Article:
Walleye fishing is a pastime that many outdoor enthusiasts take part in. Not only are they fun to catch but they are also one of the most sought-after fish to eat. Many people target walleye, but not everyone is able to catch a freezer full. Below I have listed some helpful tips and tricks to increase your catch rate.
Fishing from Shore
Walleye can be successfully caught from the shore in the early morning and during dusk hours. Use a 3/8 to 1/2 ounce jig head tipped with either a plastic worm with a spiral tail, or a minnow hooked through the head. Cast as far out as you can and let it slowly sink to the bottom. Retrieve the jig head by either reeling at a very slow rate, just enough to spin the tail on the worm, or jig it slowly in by using short thrusts with the tip of your rod. A walleye will sometimes strike the jig head aggressively, or you may just only be able to feel weight on the end of your line. Set the hook and reel in your catch. I have had the most luck using a white Mr. Twister, but any color or worm variation will suffice.
This same tactic can be used when fishing with any stick bait. Use any suspending, or driving lure that can reach a 5 to 8-foot depth. Walk the shoreline and cast out into the body of water. Slowly retrieve your lure. You can either walk the lure back to you by jerking the fishing pole, or reel it in straight. Both can be extremely effective.
Fishing from a Boat, Kayak or Canoe
Trolling for walleyes is a fantastic way to target bigger fish. Troll at a speed of 2 to 2.5 mph, (you may need to go either faster or slower depending on the time of year, but 2- 2.5 is a good average speed). Let out line until your lures begin to hit bottom, and then reel up until you are only hitting bottom occasionally. Make passes with your boat next to the shoreline, in depths of 10 to 30 feet. Look for structure such as ledges or drop-offs, submerged trees, rock piles, or road beds and target these areas. Walleyes generally seek cover in these areas and can often be found schooled there. Use any lure that resembles shad, and you will start catching walleyes.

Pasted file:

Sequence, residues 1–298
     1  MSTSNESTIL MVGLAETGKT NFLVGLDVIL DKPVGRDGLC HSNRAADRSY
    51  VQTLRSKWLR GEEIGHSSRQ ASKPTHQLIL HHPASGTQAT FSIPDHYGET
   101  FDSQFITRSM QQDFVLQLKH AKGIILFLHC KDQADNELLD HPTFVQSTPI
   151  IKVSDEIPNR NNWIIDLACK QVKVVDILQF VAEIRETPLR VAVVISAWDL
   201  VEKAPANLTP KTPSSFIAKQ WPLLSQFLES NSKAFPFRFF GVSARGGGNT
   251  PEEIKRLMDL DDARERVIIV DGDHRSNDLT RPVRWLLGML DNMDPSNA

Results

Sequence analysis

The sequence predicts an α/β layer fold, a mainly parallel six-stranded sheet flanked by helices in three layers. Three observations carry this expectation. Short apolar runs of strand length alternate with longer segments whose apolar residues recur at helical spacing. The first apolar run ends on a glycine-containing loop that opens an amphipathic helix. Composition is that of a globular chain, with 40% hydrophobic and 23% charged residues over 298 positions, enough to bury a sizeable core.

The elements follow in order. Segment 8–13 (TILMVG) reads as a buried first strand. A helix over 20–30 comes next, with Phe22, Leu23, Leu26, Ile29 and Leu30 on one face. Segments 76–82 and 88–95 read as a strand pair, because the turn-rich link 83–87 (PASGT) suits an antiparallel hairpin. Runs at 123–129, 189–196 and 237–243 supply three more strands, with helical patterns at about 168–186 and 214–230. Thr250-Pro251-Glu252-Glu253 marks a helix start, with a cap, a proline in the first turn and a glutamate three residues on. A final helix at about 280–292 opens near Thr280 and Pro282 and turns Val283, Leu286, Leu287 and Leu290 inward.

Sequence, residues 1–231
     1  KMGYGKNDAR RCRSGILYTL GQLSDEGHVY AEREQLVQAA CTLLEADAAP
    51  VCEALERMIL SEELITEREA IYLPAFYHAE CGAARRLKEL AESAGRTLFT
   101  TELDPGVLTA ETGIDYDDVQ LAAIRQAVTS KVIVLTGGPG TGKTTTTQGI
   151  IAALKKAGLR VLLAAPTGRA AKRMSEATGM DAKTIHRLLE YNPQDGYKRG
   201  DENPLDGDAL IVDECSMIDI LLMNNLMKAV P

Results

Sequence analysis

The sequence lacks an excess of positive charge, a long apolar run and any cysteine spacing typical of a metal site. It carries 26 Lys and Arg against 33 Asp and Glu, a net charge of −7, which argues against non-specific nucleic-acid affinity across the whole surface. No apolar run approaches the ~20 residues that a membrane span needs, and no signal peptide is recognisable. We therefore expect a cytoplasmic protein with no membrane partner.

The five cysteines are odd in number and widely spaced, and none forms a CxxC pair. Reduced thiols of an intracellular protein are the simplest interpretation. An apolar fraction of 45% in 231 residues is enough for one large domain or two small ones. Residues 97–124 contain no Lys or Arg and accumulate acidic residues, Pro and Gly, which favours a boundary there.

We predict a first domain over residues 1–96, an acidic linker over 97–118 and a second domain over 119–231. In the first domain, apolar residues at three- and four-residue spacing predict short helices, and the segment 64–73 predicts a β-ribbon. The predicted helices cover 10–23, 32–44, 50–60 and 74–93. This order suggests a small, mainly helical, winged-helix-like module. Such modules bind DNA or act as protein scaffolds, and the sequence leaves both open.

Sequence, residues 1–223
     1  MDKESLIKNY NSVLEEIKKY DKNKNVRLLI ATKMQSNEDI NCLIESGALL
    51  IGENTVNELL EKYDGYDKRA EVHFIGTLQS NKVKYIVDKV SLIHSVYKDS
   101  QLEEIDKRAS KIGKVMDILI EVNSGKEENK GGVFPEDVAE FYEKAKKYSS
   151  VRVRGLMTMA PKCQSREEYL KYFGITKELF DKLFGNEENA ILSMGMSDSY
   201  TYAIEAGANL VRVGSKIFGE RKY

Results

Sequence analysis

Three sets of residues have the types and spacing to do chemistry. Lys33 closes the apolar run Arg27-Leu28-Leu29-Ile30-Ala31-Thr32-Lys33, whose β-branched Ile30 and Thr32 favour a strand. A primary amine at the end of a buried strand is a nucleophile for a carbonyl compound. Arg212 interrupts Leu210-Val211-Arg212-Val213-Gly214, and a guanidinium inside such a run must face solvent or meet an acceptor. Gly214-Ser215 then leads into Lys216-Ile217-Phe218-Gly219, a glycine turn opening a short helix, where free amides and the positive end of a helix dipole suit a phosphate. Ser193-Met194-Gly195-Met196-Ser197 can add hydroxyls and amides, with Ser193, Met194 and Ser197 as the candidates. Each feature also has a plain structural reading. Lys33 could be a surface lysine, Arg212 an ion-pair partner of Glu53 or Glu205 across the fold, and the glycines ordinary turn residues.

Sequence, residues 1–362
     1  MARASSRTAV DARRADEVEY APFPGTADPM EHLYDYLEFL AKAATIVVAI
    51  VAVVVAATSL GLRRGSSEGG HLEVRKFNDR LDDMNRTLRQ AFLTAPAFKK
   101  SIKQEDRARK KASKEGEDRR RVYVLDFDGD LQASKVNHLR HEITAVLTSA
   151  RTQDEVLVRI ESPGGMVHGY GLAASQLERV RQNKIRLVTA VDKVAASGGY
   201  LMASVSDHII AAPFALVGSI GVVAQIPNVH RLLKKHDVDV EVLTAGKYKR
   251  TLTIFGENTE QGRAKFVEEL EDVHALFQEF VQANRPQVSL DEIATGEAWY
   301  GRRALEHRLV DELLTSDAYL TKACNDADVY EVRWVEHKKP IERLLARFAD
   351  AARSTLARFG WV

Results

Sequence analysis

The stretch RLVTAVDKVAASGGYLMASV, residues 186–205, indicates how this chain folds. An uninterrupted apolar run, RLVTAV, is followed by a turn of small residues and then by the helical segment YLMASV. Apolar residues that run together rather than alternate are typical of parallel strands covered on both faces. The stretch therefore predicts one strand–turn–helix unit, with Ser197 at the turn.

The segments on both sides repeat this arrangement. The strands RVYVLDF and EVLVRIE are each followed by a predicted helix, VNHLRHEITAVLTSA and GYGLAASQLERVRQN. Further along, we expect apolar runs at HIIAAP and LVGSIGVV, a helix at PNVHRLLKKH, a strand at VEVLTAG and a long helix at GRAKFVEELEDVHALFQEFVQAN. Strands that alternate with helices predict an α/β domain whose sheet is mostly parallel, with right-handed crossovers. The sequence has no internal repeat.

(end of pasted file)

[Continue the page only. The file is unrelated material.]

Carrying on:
Worm harnesses and bouncing for walleyes is probably the most successful way to increase your catch numbers. Attach a 1.5-ounce bottom bouncer to your line, and tie on a worm harness. Tip the harness with a night crawler, and break off the tip about an inch from the shank of your hook. Drop the bouncer until you hit bottom, and troll at a speed of 1 mph. Adjust your line until the bouncer is periodically hitting bottom as this will ensure your bottom bouncer is standing vertical and lifting your harness off the bottom. A walleye will take the harness and swim with it a while before completely eating it. Do not set the hook on the first nibble. Let them take the bait and you will begin to feel weight on the bouncer. When that moment occurs, set the hook and reel in your catch.
Catching walleye is an endeavor that takes a lot of practice and patience. You will lose your fair share of fish, but do not get discouraged. Fish where others are fishing, look for structure, put forth the time to learn how to fish for them, and you will become successful.